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Geographical Information Technologies (GIT) for Flood Risk Management

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Geographical Information Technologies (GIT) for Flood Risk Management

Satellite Analysis and Applied Research
Georgetown, Guyana
30 Mar 2020 to 3 Apr 2020
Duration of event:
5 Days
Programme Area:
Environment, Satellite Imagery and Analysis
Specific Target Audience:
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In the period 2018-2020, UNITAR-UNOSAT in collaboration with CIMA Foundation, under the “Strengthening Women’s Disaster Management Capacities in Guyana and Dominica” project is implementing a nation-wide forecasting and early warning system for extreme flood event (GFEWS). Along with technical set-up of the flood-forecasting platform, capacity development activities will also be implemented to enhance technical skills and knowledge about flood risk of the key stakeholders.

Technical training 1 focuses on the basic concepts and terminology related to Geospatial Information Technology and its applications relevant for flood hazard and risk mapping.

Build the capacity of Guyana's officials to mitigate the impact of future floods in the country.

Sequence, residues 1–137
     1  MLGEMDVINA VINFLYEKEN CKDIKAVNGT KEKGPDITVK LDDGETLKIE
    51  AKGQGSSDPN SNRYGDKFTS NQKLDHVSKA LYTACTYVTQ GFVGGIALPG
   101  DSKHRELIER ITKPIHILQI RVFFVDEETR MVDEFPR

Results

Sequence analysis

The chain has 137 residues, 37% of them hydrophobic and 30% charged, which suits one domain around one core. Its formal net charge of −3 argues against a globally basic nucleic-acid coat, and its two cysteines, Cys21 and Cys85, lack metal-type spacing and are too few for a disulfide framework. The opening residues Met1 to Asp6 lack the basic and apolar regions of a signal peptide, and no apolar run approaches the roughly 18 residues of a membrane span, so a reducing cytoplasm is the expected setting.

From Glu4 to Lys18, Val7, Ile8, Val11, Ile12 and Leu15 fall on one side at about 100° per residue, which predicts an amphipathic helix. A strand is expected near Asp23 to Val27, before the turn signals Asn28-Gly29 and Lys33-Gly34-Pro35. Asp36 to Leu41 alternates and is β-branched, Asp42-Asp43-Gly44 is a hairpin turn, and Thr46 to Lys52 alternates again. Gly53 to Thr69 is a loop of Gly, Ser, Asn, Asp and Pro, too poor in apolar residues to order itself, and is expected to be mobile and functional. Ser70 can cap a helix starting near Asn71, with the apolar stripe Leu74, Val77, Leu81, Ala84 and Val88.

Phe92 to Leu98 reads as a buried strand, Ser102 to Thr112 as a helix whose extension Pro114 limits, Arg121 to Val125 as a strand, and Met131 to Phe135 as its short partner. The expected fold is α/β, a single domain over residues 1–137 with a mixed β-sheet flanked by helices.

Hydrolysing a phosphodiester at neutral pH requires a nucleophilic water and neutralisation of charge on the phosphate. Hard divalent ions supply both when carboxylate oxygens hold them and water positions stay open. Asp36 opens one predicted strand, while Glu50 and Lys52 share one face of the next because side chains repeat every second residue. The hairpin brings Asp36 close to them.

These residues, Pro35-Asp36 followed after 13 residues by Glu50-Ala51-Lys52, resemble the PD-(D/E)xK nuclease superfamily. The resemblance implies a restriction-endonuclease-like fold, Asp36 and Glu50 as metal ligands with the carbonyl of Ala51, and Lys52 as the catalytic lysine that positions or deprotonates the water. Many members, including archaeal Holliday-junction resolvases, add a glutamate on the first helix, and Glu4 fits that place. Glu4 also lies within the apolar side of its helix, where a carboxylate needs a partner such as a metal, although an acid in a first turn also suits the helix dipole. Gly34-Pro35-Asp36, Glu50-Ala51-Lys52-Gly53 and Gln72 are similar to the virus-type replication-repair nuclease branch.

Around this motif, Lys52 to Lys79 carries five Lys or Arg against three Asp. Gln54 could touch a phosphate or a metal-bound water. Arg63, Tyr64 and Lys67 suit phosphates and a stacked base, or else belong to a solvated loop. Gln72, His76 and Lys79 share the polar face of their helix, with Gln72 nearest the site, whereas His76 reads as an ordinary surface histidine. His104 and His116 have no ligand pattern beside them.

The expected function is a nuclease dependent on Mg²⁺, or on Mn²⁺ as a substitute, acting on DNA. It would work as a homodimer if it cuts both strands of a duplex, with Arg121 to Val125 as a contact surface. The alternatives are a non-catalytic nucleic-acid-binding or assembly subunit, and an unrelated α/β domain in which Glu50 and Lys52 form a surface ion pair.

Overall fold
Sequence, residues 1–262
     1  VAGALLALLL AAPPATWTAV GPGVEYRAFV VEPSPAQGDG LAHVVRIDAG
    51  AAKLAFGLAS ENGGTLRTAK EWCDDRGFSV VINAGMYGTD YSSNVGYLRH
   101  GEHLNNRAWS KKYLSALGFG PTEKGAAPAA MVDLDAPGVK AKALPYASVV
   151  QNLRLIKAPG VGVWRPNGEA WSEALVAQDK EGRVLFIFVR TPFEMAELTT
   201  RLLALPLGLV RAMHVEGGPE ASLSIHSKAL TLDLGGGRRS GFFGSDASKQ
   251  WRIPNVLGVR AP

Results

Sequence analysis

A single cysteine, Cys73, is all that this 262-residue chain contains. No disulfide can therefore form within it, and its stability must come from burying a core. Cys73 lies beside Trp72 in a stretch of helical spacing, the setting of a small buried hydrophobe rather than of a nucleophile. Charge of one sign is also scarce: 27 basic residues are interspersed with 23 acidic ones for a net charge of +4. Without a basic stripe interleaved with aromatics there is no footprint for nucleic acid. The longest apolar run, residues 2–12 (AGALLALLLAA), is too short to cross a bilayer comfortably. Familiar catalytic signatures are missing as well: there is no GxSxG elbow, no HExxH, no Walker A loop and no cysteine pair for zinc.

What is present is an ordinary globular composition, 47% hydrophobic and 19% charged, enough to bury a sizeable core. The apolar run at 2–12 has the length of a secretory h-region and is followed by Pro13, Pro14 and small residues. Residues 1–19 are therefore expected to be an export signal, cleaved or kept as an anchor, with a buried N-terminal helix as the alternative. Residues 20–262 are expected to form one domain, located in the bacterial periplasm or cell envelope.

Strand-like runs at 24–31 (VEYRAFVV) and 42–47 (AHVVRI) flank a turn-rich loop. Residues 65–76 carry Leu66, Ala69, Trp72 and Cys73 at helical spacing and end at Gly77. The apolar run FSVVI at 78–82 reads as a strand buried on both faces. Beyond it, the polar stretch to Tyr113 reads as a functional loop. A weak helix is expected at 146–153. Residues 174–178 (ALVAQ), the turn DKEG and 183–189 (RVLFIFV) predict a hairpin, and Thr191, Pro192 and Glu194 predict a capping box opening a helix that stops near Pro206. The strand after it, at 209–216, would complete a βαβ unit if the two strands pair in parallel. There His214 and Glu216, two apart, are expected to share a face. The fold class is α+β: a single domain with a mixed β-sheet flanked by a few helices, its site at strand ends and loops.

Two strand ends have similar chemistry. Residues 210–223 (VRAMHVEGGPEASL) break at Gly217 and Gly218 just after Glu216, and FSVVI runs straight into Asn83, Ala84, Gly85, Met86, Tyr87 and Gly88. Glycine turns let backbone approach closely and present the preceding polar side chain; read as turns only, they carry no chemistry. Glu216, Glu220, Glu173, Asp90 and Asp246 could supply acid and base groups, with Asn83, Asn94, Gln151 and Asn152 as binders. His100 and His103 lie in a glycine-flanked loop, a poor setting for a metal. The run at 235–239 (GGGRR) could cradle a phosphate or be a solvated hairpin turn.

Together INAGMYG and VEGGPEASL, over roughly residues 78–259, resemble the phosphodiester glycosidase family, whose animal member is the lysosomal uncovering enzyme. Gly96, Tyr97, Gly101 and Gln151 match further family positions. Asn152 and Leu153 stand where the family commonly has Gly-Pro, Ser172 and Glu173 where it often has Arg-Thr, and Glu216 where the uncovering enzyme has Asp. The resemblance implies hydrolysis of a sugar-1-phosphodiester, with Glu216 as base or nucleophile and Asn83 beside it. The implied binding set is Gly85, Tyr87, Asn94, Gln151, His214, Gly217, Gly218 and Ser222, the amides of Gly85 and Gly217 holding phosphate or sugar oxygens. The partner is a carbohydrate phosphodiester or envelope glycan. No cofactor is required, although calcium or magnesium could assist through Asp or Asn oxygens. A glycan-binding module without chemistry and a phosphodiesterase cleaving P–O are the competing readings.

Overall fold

At the end of the Technical Training 1, participants should be able to:

  • Demonstrate an understanding of basic concepts and terminology related to GIS/RS technology;
  • Implement main functionalities to display and analyse spatial data;
  • Search, identify, access, collect, organize and analyse geospatial data for flood analysis;
  • Apply GIS methodologies and use of flood modeling tools to perform flood hazard and flood risk assessment;

The course will provide key stakeholders of GNFEWS with the knowledge and skills to recall basic concepts and terminology related to GIS/RS technology and its applications relevant for Disaster Risk Reduction, Flood Management in particular. During this course, participants will enhance their capacities using Geographical Information Systems (GIS) and Remote Sensing (RS) for flood hazard assessment.

This is a full-time, face-to-face course with lectures, interactive sessions and GIS lab/flood modelling exercises using GIS datasets and different case scenarios (60% lab exercises, 40% lectures and discussions). This course is divided into 5 Modules. Each module is structured into 4 sessions of 1.5 hour each. The average workload per week is likely to be around 25-30 hours.

The course is designed to accommodate key stakeholders of Guyana's National Flood Early Warning System project with different professional backgrounds and working experience. Previous GIS and flood modeling experience is not required.

The number of participants is limited to 16

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